Date Published: June 13, 2018
Publisher: Public Library of Science
Author(s): Ilona W. M. Verburg, Evert de Jonge, Niels Peek, Nicolette F. de Keizer, Pierre Moine.
To assess and improve the effectiveness of ICU care, in-hospital mortality rates are often used as principal quality indicator for benchmarking purposes. Two other often used, easily quantifiable, quality indicators to assess the efficiency of ICU care are based on readmission to the ICU and ICU length of stay. Our aim was to examine whether there is an association between case-mix adjusted outcome-based quality indicators in the general ICU population as well as within specific subgroups.
We included patients admitted in 2015 of all Dutch ICUs. We derived the standardized in-hospital mortality ratio (SMR); the standardized readmission ratio (SRR); and the standardized length of stay ratio (SLOSR). We expressed association through Pearson’s correlation coefficients.
The SMR ranged from 0.6 to 1.5; the SRR ranged from 0.7 to 2.1; and the SLOSR ranged from 0.7 to 1.3. For the total ICU population we found no significant associations. We found a positive, non-significant, association between SMR and SLOSR for admissions with low-mortality risk, (r = 0.25; p = 0.024), and a negative association between these indicators for admissions with high-mortality risk (r = -0.49; p<0.001). Overall, we found no association at ICU population level. Differential associations were found between performance on mortality and length of stay within different risk strata. We recommend users of quality information to take these three outcome indicators into account when benchmarking ICUs as they capture different aspects of ICU performance. Furthermore, we suggest to report quality indicators for patient subgroups.
In recent years attention to quality of healthcare as expressed by quality indicators has increased [1, 2]. Treatment at the intensive care unit (ICU) is very complex and delivered in a highly technical and labor-intensive environment. Along with these developments the cost of intensive care has increased substantially resulting in a high proportion of the health care expenditure accountable to ICUs . This all makes ICUs a particularly interesting part of the hospital to assess and improve performance.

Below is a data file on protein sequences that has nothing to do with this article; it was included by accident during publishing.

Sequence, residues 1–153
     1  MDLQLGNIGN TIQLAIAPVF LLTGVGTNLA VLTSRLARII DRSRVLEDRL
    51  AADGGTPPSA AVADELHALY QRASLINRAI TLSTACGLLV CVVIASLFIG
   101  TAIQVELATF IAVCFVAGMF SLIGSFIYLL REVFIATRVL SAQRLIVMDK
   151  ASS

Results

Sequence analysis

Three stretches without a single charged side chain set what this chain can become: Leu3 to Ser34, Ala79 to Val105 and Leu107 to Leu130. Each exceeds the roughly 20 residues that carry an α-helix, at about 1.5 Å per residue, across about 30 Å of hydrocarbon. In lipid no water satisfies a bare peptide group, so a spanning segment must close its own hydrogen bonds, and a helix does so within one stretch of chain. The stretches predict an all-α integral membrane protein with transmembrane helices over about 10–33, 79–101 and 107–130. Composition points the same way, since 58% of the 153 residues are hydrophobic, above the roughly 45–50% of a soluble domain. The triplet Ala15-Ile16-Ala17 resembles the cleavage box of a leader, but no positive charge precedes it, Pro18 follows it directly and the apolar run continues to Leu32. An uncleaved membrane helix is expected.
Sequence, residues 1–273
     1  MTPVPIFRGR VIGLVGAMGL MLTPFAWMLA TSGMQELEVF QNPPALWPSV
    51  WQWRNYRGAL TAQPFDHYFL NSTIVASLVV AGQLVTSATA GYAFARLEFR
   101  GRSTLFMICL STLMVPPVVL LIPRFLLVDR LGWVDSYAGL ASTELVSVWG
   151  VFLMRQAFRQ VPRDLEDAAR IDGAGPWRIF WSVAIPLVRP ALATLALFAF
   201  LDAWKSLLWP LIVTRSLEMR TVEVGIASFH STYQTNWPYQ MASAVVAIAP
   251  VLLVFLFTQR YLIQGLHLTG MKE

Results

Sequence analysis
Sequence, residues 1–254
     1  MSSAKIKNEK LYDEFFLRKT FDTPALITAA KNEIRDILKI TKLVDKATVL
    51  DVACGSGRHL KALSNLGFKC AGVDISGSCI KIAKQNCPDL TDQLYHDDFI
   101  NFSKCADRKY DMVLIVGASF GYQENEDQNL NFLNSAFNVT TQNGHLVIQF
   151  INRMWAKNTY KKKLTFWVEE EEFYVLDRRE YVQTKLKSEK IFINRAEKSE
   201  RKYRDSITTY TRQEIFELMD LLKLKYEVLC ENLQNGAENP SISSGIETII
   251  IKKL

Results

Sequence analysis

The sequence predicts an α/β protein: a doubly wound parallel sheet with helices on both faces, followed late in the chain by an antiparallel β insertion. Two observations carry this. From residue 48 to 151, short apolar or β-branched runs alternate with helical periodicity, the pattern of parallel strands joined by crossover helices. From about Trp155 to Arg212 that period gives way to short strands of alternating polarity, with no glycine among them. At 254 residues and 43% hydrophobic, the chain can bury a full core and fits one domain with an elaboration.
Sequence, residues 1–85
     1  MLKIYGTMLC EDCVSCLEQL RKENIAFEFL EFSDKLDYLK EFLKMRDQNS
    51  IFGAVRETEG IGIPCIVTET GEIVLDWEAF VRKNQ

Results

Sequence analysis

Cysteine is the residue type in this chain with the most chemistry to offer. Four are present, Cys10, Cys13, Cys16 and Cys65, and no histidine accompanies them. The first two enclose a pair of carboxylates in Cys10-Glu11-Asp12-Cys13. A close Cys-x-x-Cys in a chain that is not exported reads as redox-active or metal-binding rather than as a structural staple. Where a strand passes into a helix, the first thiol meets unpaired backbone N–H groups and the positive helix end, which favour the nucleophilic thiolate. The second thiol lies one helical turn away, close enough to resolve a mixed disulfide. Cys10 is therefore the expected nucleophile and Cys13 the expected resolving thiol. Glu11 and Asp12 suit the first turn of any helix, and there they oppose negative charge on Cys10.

Results on the performance of the prediction models are shown in Table D and Figs A- C of S1 File. Fig 2 presents the pairs of SMR, SRR and SLOSR plotted against each other for the entire cohort. Table 2 presents Pearson’s correlation coefficients for the entire cohort as well as for subgroups. No significant associations were identified between SRR and SMR or SRR and SLOSR. This means that ICUs with lower than expected readmission rates did not have lower or higher mortality, or shorter or longer length of stays, than expected. No significant associations were identified at cohort level between SMR and SLOSR. However, a negative significant association (r = -0.49; p<0.001) was found for the high mortality risk subgroup (i.e., recalibrated APACHE IV probability of mortality larger than 0.7), meaning better performance on SMR (lower mortality) was associated with worse performance on SLOSR (longer ICU length of stay). Conversely, a positive association was found for the low mortality risk subgroup (i.e., recalibrated APACHE IV probability of mortality smaller than 0.3). This association was not significant using Pearson’s correlation coefficient (r = 0.25; p = 0.024), but was significant using the Spearman’s rank correlation coefficient (ρ = 0.29; p = 0.009). Fig 3 presents the pairs of SMR and SLOSR for these subgroups based on probability of mortality. In this study we examined the association between SMR, SLOSR and SRR as individual outcome quality indicators for benchmarking ICU quality of care. We did not find significant correlations between SRR and SMR or SRR and SLOSR. This means that ICUs with lower than expected readmission rates did not have lower or higher mortality, or shorter or longer length of stays, than expected. We also did not find a significant correlation between SMR and SLOSR for the general ICU population. However, subgroup analyses based on probability of mortality showed associations in opposite directions. We identified no significant association between quality indicators for in-hospital mortality, readmission to the ICU within 48 hours after ICU discharge and ICU length of stay at ICU population level. Differential associations were found between performance on mortality and length of stay within different risk strata. We recommend users of quality information for benchmarking purposes to take these three outcome indicators into account when judging or monitoring ICU quality of care as they capture different aspects of ICU performance. Furthermore, we suggest that users of quality information also receive quality data for patient subgroups, especially low-risk and high-risk patients groups. Source: http://doi.org/10.1371/journal.pone.0198522